IPI’s former chairwoman penalty of $1,000 a day to continue

Cui Li Jie has failed to provide backups of her electronically stored information.
Cui Li Jie has failed to provide backups of her electronically stored information.

Chief Judge Ramona V. Manglona has confirmed the $1,000-a-day sanction against former IPI chairwoman Cui Li Jie will continue to accrue.

Northern Mariana Islands.- Chief Judge Ramona V. Manglona has said the sanctions related to Cui Li Jie’s failure to comply with previous court orders regarding electronically stored information or ESI will continue until she complies.

The former IPI chairwoman is a third-party witness in the case in which seven construction workers accused IPI of labour abuse and human trafficking.

All ESI data held by the former IPI chairwoman remains relevant to the lawsuit as plaintiffs’ $5.4m default judgment against IPI remains unsatisfied, the court said.

According to Mariana’s Variety, Judge Manglona has ordered Cui Li Jie to submit a statement before January 22, 2022.

She said the deadline for plaintiffs to submit responses and statements is 5pm on February 3, while a hearing will be held on February 8.

Manglona then stated that “daily sanctions imposed by this court shall continue to accrue during this period”.

USA Fanter is no longer interested in IPI’s limited receivership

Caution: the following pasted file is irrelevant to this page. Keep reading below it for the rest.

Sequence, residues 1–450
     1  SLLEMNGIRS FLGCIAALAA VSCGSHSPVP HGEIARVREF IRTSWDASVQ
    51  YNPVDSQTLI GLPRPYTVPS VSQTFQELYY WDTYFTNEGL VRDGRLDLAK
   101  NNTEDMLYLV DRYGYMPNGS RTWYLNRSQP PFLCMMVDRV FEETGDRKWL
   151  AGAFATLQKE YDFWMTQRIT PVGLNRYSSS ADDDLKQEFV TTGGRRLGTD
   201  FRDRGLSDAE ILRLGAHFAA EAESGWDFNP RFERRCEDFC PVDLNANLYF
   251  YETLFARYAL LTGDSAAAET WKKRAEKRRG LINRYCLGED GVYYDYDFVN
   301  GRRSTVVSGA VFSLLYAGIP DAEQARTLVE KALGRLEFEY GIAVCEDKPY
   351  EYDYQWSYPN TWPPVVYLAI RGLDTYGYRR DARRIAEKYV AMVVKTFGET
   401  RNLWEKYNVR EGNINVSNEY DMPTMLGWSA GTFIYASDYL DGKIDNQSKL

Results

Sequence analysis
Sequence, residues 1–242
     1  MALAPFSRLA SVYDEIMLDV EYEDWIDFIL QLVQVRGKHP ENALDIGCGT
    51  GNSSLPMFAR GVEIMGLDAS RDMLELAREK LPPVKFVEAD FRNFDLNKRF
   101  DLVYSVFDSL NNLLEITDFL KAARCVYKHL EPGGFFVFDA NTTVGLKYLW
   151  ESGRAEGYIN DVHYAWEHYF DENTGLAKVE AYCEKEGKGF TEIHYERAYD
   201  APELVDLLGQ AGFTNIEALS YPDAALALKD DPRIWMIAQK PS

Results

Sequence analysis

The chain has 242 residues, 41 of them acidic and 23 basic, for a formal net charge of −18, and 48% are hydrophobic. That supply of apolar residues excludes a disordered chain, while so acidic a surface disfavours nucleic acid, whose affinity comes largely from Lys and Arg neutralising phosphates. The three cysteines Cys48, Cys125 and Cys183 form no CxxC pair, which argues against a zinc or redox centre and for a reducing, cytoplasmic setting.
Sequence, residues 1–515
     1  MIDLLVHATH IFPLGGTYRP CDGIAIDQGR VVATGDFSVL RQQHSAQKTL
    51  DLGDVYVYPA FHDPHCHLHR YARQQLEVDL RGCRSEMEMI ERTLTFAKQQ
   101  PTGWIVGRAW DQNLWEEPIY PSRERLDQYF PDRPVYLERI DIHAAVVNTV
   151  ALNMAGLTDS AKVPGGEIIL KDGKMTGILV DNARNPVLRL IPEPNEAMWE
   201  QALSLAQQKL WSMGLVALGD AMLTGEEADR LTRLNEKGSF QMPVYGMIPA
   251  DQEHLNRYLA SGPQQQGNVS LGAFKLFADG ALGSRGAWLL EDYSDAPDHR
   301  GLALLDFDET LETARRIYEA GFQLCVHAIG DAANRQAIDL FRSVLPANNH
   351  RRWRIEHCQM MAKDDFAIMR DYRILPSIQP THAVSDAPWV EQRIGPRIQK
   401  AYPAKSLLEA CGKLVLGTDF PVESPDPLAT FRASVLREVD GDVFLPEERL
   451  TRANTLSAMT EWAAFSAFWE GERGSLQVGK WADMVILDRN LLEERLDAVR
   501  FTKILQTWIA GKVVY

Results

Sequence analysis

As previously reported by Focus Gaming News, Chief Judge Ramona V. Manglona has recently revealed “IPI has fulfilled its promise to secure a bond totalling $2.45m” for the judgement in the lawsuit filed by USA Fanter Corp.

In her order, the judge also approved IPI’s motion to suspend the judgment during the appeal period; to approve the appeal deposit; to suspend the execution of the judgment during the appeal period and to stay the receivership.

According to Mariana’s Variety, Manglona said: “The court finds that IPI has fulfilled its obligation to satisfy the bond requirements under Rule 62(b) and Local Rule 62.1 and therefore a stay of USA Fanter’s judgment pending appeal is appropriate.”

However, she stated her decision “does not dissolve the receivership as it applies to other creditors just yet”.

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